Sled dog abuse cases cause some to question sport

Posted By elaine on February 10, 2011

Photo of two Iditarod Sled DogsSled dogs and their care, or lack of has been in the news a lot lately.  The slaughter of 100 sled dogs in Canada has re-energized efforts by some animal activists to ban or boycott dog sled rides, a popular activity among tourists in many winter vacation spots, including here in Colorado.

Closer to home a Florissant man named Samuel Walker was sentenced to the maximum 90 days in jail this week after he pleaded guilty to felony animal abuse.  Walker owned Pawsatrack Sled Dogs in Hartsel where nearly 100 starving and 8 dead dogs were found in December 2009.

This has animal rights groups coming out saying these incidents are just the tip of the cruelty iceberg in the dog sledding industry, but others say they shocking because it is so rare.sleddog2

“I don’t think society is willing to accept that animals, particularly dogs, should be killed just because they are surplus or don’t suit the purpose they were born for,” said Debra Probert, executive director of the Vancouver Humane Society, which has called for a provincial ban on tour businesses.

The California-based Animal League Defense Fund has offered Canadian prosecutors money for forensics and expert witnesses, asked whistleblowers to report other culling abuses and urged people to write Iditarod race sponsors asking them to back out, said Lisa Franzetta, ADLF’s director of communications.

The 1,150-mile Iditarod Trail Sled Dog Race in Alaska, the world’s most famous sled dog race, starts March 5.

But a Colorado musher says that abuse cases are rare.

sleddog3“When dog sledding is done correctly, it’s an awesome sport – awesome, awesome, awesome,” said Seth Sachson, executive director of the Aspen Animal Shelter and the Aspen Boarding Kennel in here in Colorado.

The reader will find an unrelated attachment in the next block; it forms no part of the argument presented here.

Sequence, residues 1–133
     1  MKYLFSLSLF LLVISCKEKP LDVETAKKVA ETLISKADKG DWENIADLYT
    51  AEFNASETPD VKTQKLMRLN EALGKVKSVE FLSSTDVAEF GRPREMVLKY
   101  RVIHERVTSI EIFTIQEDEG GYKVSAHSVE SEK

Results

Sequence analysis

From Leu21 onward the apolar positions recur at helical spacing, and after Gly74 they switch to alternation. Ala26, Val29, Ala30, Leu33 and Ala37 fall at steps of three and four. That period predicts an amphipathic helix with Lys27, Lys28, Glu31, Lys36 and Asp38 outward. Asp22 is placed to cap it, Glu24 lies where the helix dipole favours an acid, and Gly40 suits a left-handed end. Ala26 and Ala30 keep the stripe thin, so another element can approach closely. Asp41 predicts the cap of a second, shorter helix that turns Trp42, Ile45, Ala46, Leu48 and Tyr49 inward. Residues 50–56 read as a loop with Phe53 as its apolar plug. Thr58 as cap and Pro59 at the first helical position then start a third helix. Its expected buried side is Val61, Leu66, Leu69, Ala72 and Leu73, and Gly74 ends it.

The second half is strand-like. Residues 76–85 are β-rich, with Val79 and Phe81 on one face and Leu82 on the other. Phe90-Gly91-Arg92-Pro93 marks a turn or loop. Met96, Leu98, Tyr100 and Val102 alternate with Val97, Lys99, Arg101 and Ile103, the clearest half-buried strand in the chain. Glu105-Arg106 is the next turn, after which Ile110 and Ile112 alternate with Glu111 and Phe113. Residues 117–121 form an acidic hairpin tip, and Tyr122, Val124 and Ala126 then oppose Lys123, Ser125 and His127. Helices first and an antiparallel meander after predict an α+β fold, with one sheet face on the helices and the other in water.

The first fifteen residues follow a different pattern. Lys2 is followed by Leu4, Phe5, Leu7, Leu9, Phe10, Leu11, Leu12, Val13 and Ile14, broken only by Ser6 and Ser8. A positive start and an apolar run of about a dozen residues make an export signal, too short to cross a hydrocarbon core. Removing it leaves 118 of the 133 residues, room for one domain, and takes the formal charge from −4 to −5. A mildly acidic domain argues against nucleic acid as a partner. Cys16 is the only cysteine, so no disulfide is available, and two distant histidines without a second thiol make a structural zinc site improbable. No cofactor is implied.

He has eight sled dogs, all rescued from his shelter. “I am not going to kill them when they are done sledding. They are welcome to live with me forever and be my pets,” he said, adding that they get along with his chickens, goats and horses and love the children who visit.


When critics list their objections to sledding, they include culling and living conditions – always tethered, always outdoors and with little social interaction.  As a result, finding homes for older dogs can be a challenge.sleddog4

 Sachson believes most sled dogs can become good pets. He has worked with older dogs who just needed time and patience.

“We get them to stop walking around in circles. Some walk in circles because they’ve lived on a chain their whole life and that’s what they know,” he said. “They need to be taught how to walk on a leash, climb stairs, walk across linoleum without falling and ride in a car without vomiting. And there is house-training.”

Here in Colorado the Department of Agriculture has rules for sled dog welfare. It is the basically the same for all kennels, but there are specific provisions for sled dog kennels. 

The Pet Animal Care Facilities program (PACFA) licenses facilities that house more than 15 dogs or produce more than two litters of pups per year.   

“We do have facilities which house and/or breed dogs used for pulling sleds,” says Christi Lightcap with the Colorado Department of Agriculture.  “There is no separate category for them so they are licensed as dog breeders, and they must comply with all dog breeder regulations plus specific sled dog guidelines.”

Those Guidelines are as follows:

 The tether must by at least 6 feet long and have a swivel to prevent tangling.

sleddog5The dog must have access to a shelter and shade in the summer as well as food and water.

 These facilities must apply for a waiver before being allowed to house dogs on tethers.

The number of dogs housed at any facility is limited only by the ability to adequately care for the dogs and maintain compliant facility standards.

 All the other regulations applying to dog breeding facilities will also apply to these types of facilities.

 While there are no requirements for how often a dog is allowed to work, the facility is required to provide a training and exercise plan as a condition of licensing and they are also required to document the exercise or training of each dog at the facility on a daily basis.

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